-rw-r--r-- 1 kronberg pg_nsc 1099511627776 Oct 17 16:38 /proj/.snapshots/daily-Saturday/nsc/users/kronberg/ior.testfile.triolith
-rw-r--r-- 1 kronberg pg_nsc 1099511627776 Oct 17 16:38 /proj/.snapshots/daily-Sunday/nsc/users/kronberg/ior.testfile.triolith

Restore the file by copying a version (in this case, the latest one) of it:

[kronberg@triolith1 ~]$ cp /proj/.snapshots/daily-Monday/nsc/users/kronberg/ior.testfile.triolith /proj/nsc/users/kronberg/
[kronberg@triolith1 ~]$ ls -al /proj/nsc/users/kronberg/ior.*
-rw-r--r-- 1 kronberg pg_nsc 1099511627776 Oct 27 12:12 /proj/nsc/users/kronberg/ior.testfile.triolith
[kronberg@triolith1 ~]$ 

Tape backups

For disaster recovery purposes, we make tape backups of the /home and /software directories at least weekly.

If you want us to try to recover a file from this backup, please contact NSC Support.

How can I transfer data to and from NSC?

See this page

What to do if I need more space

Talk to the Principal Investigator (PI) of your project (log in to NSC Express if you don't know who the PI is).

The PI is responsible for how data is stored in the project directory, and is the one who should ask for more space when needed.

NSC Centre Storage policy

  • NSC Centre Storage is intended for short- and medium-term storage of data associated with ongoing computing or analysis projects using NSC's academic systems (currently Triolith, Kappa and Matter).1
  • Storage is allocated to a project according to its needs. A project will be provided with the amount of storage needed to do the research described in their project application if that is possible without causing problems for other users. The project must explain its needs to NSC, and must be prepared to show that it will be storing data and using the storage system efficiently.
  • Storage is limited both by volume (bytes), and number of files stored.2
  • All storage allocations are for a limited time only (how long can be seen in NSC Express). Projects that continue under another name can keep their storage directory name (/proj/projname), but NSC may review the amount of storage granted and may then increase or decrease it.
  • Storage must be used efficiently and in a way that does not cause problems for NSC staff or other projects. This includes using suitable file formats, compressing data when appropriate, packaging data in archive formats (e.g tar, zip) when appropriate, ... This also includes how applications perform I/O (e.g not doing unnecessary I/O or I/O patterns that cause problems for other users)
  • The decision on how much storage to allocate to a project is currently made by NSC, regardless of storage requirements put into the SNAC application (but we will of course take that into consideration). If you are unhappy with our decision, please contact NSC Support or the NSC Director.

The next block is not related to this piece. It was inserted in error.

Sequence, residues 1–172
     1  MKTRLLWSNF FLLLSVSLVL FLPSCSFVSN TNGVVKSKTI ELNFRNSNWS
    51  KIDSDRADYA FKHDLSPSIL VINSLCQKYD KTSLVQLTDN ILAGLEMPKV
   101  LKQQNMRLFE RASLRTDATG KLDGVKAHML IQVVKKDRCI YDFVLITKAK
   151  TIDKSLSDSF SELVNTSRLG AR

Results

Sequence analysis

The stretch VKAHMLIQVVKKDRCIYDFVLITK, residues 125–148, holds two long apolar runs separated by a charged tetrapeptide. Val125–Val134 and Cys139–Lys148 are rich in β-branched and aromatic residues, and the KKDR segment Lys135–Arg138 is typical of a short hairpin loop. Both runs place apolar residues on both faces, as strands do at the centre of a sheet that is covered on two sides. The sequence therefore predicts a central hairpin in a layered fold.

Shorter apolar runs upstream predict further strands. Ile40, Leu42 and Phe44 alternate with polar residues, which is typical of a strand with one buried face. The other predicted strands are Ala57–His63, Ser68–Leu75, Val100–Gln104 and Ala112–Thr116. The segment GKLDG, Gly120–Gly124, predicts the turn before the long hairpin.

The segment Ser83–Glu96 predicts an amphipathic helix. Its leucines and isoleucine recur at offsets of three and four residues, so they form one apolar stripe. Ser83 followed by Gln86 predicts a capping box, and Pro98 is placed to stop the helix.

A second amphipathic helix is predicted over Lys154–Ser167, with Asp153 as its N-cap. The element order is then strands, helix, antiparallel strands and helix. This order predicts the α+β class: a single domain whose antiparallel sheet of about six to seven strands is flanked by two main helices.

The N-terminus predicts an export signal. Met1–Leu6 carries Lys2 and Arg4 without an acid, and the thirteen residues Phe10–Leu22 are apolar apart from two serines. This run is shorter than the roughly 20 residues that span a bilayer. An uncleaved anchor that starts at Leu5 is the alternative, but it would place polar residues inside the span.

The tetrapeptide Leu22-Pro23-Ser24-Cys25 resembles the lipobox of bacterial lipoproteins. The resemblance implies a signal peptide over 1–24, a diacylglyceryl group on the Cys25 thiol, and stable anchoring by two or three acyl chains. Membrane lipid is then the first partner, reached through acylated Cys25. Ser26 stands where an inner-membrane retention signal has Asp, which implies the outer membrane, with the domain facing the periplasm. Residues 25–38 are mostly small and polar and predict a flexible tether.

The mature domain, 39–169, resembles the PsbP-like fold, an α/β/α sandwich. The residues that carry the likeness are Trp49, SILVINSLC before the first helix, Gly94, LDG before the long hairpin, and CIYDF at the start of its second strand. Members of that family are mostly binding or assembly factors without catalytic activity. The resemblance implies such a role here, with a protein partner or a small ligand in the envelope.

Storage system hardware, software and performance

The new storage system consists of three IBM "System x GPFS Storage Server" Model 26 building blocks, a.k.a "GSS26".

The system occupies two 19" racks and consists of six servers and 18 disk enclosures. In total there are 1044 spinning hard disks (4 TB each) and 18 SSD disks (200 GB each).

On this hardware we currently (as of 2014-10-29) run version 2.0 of IBM's GSS software stack, which consists of:

  • Linux on the servers (Red Hat Enterprise Linux version 6.5)
  • IBM's "GNR" software RAID layer (part of GPFS)
  • GPFS 4.1

The total disk space available to store files is approximately 2800 TiB. The difference between 1044*4 TB "raw" space on the disks and the available 2800 TiB on the file system is mostly due to:

  • RAID overhead3
  • The difference between a Tebibyte/TiB and a Terabyte/TB
  • "Spare space" - unused disk space that is used to restore data redundancy when a disk fails.

The storage system is connected to Triolith using four Mellanox FDR 56Gbits/s InfiniBand links per server. In practice, the hard disks will often be the bottleneck for I/O, and the maximum sustained aggregated transfer speed (when writing or reading from many compute nodes simultaneously) we have seen during testing is around 45 GiB per second. This is more than 10 times the theoretical maximum speed of the previous system.

From a single thread/core on a single Triolith compute node you can expect to read or write up to around 1 GiB per second (as long as the disk system is not overloaded by other jobs). On login and analysis nodes this figure will be higher, around 3.5 GiB/s.

Kappa and Matter are connected to the system using Ethernet, with a maximum total bandwith of 2.5 GiB/s.

The total cost (including computer room space, power, cooling, hardware, NSC staff, hardware support, ...) for the planned lifetime of the system (5 years) will be around 15 million SEK, or around 1000 SEK per usable TiB per year.

The power consumption (included in the total cost above) is around 18 kW, or around 6 Watt per TiB of available space.


  1. Long-term storage is available on other systems, e.g National Storage.

  2. There are two reasons to limit the number of files stored by a project. 1: certain operations, like checking/repairing the file system, and starting it after certain types of crashes, takes time proportional to the number of files in it. 2: every file, even empty ones, consumes a certain amount of storage space for metadata (filename, permissions, timestamps, ...), which is not counted towards the normal quota. The files limit is currently not shown in NSC Express. We will typically be generous when asked to raise this limit, it acts mostly as a tripwire to alert us to when a project starts storing data in a problematic way (millions of small files).

  3. File data data is protected by 8+2 Reed-Solomon code, i.e 8 data blocks require 2 parity blocks to be stored on disk. Meta data (file system structure, directories, contents of small files) is protected by 3-Way replication.

Storage allocations

Information on how to apply for (additional) storage on the new NSC Centre Storage

Information for PIs

Information on the new NSC Centre Storage for Principal Investigators of existing projects